Frankel goes for a thorough practice run ahead of his planned outing in the Champion Stakes at Ascot, and Sir Henry Cecil answers questions about his own future to boot, writes Geoffrey Riddle.
Frankel, and Cecil, are just fine
NEWMARKET, ENGLAND // Sir Henry Cecil cut a defiant figure when he saddled Frankel for a public gallop along the Rowley Mile on Saturday.
Frankel went through his paces in a nine-furlong piece of work in preparation for next month's Champion Stakes at Ascot.
Cecil has been battling with a throat infection, a side effect of his treatment for cancer, and he refuted any suggestion that he was set to retire alongside his stable star at the end of the season.
"I'm fine. I read somewhere that I am going to retire. The only retiring I'm going to do is to have a good holiday," Cecil whispered hoarsely.
The trainer was last seen on a Group 1 British racecourse when Frankel won the Juddmonte International at York in August, when he required a walking stick. There was none such assistance yesterday as he went about his business, saddling Frankel last of his two work companions, Bullet Train and Specific Gravity.
The International was also the last time that Tom Queally had sat on the world's highest-rated thoroughbred, and after a stiff piece of work in front of a large crowd Frankel knew he had been given a thorough workout as he returned to rapturous applause.
"Frankel felt fine," Queally said. "That is exactly what we were looking for and he still has a bit of work to do. It's nice to get back on him."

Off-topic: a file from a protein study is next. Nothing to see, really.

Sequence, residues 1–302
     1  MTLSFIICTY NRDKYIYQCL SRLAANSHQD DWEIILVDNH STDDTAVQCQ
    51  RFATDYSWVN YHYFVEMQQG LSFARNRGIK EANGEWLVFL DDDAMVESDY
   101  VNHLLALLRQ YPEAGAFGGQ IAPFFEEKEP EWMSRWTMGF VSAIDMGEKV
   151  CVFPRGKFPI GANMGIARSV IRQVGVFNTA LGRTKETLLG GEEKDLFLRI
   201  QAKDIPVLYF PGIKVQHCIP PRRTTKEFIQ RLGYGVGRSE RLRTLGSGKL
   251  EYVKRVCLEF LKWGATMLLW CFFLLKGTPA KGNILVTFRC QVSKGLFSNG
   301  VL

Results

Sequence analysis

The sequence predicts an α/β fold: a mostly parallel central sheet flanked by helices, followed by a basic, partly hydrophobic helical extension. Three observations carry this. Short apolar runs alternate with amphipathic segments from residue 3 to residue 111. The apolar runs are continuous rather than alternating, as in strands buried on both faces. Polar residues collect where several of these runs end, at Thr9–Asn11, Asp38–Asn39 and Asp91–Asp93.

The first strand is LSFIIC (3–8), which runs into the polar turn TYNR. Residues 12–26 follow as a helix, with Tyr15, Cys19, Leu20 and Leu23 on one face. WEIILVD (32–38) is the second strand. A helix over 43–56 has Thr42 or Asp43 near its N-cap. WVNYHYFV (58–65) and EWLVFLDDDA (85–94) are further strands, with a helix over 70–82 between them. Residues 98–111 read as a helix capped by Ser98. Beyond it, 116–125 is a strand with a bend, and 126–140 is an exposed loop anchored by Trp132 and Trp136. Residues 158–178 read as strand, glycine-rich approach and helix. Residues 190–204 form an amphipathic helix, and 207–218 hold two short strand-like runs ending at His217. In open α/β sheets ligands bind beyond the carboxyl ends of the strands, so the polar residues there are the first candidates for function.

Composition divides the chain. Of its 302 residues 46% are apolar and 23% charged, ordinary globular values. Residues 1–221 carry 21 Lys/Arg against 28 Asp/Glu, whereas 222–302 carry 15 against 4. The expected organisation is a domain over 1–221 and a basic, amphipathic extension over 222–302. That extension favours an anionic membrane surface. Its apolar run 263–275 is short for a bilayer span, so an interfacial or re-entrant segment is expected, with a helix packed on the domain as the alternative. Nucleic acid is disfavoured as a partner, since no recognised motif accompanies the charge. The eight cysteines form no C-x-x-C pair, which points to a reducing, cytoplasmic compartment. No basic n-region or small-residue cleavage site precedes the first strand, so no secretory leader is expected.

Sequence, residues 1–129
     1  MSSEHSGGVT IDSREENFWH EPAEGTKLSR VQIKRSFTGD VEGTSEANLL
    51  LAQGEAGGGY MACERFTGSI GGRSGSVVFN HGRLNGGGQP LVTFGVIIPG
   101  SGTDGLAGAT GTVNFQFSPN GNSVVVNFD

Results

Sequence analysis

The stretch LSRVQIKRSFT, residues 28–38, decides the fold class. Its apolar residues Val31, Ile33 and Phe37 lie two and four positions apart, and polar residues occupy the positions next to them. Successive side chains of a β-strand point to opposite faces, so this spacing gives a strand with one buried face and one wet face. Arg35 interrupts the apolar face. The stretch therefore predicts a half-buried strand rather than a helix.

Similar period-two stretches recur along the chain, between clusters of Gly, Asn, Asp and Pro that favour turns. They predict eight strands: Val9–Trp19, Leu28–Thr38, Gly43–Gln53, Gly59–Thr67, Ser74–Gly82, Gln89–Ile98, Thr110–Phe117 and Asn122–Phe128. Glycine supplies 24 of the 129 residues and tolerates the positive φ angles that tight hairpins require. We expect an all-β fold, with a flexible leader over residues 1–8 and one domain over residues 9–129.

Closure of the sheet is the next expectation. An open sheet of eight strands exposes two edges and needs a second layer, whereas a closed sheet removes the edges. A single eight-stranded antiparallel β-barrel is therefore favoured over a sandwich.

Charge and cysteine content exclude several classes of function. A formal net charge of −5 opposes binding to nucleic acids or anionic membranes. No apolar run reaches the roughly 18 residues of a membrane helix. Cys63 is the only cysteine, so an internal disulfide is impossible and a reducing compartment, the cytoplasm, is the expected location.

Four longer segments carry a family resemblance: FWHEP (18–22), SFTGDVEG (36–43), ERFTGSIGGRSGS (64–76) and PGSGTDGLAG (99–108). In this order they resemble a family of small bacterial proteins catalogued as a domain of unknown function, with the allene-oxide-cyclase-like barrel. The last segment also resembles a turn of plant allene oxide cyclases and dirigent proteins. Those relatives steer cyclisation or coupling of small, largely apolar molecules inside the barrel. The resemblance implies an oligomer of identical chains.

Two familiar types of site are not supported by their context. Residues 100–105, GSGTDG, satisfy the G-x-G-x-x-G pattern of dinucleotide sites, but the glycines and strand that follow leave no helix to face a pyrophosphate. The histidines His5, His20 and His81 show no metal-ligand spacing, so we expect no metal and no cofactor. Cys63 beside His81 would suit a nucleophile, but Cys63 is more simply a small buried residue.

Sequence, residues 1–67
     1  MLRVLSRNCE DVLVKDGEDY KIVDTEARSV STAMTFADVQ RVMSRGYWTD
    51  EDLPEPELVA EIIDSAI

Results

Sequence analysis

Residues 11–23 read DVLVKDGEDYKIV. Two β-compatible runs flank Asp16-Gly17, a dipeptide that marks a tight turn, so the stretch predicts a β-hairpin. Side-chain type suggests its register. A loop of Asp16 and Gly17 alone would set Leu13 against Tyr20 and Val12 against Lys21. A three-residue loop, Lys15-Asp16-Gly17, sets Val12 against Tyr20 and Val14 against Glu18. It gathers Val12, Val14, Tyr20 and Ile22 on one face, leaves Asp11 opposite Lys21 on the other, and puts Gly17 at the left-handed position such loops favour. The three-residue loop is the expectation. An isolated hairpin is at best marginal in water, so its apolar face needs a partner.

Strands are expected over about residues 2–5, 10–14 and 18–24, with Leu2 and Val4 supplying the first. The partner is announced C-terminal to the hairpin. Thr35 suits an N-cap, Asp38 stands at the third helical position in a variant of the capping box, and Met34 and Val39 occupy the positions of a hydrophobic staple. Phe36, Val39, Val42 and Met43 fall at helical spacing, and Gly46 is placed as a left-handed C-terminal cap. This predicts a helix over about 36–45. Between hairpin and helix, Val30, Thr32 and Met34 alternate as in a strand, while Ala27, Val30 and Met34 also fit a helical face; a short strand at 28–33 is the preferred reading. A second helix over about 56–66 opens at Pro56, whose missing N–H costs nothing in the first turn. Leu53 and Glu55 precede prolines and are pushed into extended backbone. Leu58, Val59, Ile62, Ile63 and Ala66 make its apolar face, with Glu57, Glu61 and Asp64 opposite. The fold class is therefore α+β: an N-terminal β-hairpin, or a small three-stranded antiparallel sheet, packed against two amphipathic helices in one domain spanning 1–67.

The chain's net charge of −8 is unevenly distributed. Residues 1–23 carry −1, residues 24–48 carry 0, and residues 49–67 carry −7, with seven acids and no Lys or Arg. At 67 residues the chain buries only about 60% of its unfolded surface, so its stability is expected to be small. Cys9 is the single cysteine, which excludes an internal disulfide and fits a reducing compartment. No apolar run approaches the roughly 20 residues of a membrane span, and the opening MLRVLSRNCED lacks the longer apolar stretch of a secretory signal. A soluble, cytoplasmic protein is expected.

Cecil and Frankel teamed up later in the afternoon with the well-regarded Beauty Parlour in the Group 1 Sun Chariot Stakes.
The French 1,000 Guineas heroine could only finish seventh to Siyouma, the four-year-old trained by Francois Doumen and ridden by Gerald Mosse. Siyouma held off the late thrust of Elusive Kate, who stumbled badly at the start but made up significant ground to be denied by three quarters of a length under William Buick.
It was a fourth successive victory for fillies trained in France, following the hat-trick of wins by Saphresa in the mile contest. "She is the most satisfactory thing in the world," an understated Doumen said. "She is easy to train, has an easy temperament and is very calm. She won with something in hand."
Such was the ease of her victory that the daughter of Medicean could turn out quickly for the EP Taylor Stakes at Woodbine, Canada in two weeks.
Lucrative races in Hong Kong and Japan could also follow, although she has a preference for soft going.
"I was expecting the ground to be softer, which would have helped," Mosse said. "We have been lucky, however. She picked up really well and went to the line with a lot left."
Steeler, owned by Sheikh Hamdan Bin Mohammed, outpointed Godolphin's Artigiano by breaking the track record in the Group 2 Royal Lodge Stakes.
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